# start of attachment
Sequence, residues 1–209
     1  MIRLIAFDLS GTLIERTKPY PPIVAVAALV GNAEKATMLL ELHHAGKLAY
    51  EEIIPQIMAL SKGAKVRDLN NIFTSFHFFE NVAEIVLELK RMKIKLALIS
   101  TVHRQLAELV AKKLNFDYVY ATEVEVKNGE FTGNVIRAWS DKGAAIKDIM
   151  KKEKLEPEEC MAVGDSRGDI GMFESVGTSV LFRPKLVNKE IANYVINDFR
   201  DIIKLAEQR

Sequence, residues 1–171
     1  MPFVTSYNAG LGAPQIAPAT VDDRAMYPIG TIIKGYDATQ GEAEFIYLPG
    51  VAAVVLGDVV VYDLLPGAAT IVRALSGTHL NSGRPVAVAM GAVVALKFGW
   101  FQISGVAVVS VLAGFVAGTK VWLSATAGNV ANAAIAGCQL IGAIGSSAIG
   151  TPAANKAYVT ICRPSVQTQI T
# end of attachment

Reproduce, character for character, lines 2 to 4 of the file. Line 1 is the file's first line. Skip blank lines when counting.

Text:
     1  MIRLIAFDLS GTLIERTKPY PPIVAVAALV GNAEKATMLL ELHHAGKLAY
    51  EEIIPQIMAL SKGAKVRDLN NIFTSFHFFE NVAEIVLELK RMKIKLALIS
   101  TVHRQLAELV AKKLNFDYVY ATEVEVKNGE FTGNVIRAWS DKGAAIKDIM